FIG. 10 is a graph showing the effect of microwave fields on drug release from DPPC:DPPG liposomes in buffered saline.
FIG. 11 is a dose-response characterization of absorbed power of the microwave field on liposome drug release.
FIG. 12 shows the effect of microwave fields on drug release from DPPC:DPPG liposomes in plasma buffer or saline buffer as a function of time.
FIG. 13 depicts the effect of microwave fields on DPPC:DPPG liposome size.
FIG. 14 shows the effect of oxygen, nitrogen, and atmospheric air on microwave-triggered drug release from DPPC:DPPG liposomes.
FIG. 15 illustrates the effect of antioxidants in the liposome buffer on microwave-triggered drug release from DPPC:DPPG liposomes.
FIG. 16 demonstrates the effect of antioxidant-modification of DPPC:DPPG liposomes on microwave-triggered drug release.
FIG. 17 shows the effect of membrane cholesterol as a perturbing agent on microwave-triggered drug release from DPPC:DPPG liposomes.
FIG. 18 illustrates the effect of membrane antibody as a perturbing agent on drug release from DPPC:EPC liposomes.
FIG. 19 depicts the effect of microwaves on drug release from antibody-modified, nonphase transition liposomes.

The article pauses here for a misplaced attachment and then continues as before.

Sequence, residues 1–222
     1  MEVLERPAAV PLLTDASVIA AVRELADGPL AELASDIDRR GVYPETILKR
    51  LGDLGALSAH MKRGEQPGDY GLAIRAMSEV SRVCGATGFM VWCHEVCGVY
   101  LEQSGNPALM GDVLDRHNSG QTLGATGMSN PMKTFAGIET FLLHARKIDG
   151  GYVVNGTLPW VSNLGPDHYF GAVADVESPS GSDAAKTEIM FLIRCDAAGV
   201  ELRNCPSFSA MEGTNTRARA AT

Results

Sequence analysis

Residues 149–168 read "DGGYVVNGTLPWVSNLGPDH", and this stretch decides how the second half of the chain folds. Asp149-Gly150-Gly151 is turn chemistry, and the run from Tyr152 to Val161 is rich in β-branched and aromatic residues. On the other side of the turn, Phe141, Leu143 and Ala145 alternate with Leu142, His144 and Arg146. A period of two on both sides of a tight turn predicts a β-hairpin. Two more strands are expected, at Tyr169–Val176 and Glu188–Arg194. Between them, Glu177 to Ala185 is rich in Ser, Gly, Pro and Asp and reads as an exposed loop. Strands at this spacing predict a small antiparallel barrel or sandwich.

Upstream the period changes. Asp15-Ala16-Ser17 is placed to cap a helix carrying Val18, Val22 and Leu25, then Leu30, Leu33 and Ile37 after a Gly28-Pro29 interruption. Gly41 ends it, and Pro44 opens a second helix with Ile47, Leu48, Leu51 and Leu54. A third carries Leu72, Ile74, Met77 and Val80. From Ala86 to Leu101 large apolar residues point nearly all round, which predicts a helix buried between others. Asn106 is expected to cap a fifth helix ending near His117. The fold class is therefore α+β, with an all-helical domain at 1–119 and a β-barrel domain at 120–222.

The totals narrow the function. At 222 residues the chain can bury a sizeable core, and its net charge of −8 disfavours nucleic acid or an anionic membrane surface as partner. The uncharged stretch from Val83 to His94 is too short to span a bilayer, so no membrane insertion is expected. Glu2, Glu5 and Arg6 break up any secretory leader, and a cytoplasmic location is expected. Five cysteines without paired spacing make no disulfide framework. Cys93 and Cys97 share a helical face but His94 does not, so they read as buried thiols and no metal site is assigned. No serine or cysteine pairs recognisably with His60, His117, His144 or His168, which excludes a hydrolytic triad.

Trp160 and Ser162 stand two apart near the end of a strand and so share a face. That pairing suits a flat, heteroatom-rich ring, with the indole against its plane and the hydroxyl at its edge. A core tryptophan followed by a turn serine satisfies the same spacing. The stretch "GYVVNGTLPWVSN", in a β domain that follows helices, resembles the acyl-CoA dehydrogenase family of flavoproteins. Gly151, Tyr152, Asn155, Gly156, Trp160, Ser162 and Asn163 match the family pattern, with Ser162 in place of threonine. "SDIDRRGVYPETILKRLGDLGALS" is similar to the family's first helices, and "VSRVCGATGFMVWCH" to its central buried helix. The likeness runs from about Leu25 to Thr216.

FIG. 20 shows the effect of membrane phospholipid as a perturbing agent on microwave-triggered drug release from nonphase transition DPPG:EPC liposomes.
FIG. 21 illustrates the effect of microwave fields on drug release from phase transition and from nonphase transition DMPC:DMPG liposomes in saline buffer.
FIG. 22 shows the effect of microwave fields on drug release from phase transition and from nonphase transition DMPC:DMPG liposomes in plasma buffer.
FIG. 23 depicts the effect of microwave fields on drug release from phase transition and from nonphase transition DPPC:DPPG liposomes in saline buffer.
FIG. 24 illustrates the effect of microwave fields on drug release from phase transition and from nonphase transition DPPC:DPPG liposomes in plasma buffer
FIG. 25 shows the effect of microwave fields on three different nonphase transition liposome systems in plasma buffer.
FIG. 26 demonstrates that liposome-human erythrocyte ghost complexes are formed using phase transition and nonphase transition liposome systems.
FIG. 27 illustrates microwave-triggered drug transfer for liposome-ghost complexes using phase transition and nonphase transition liposomes.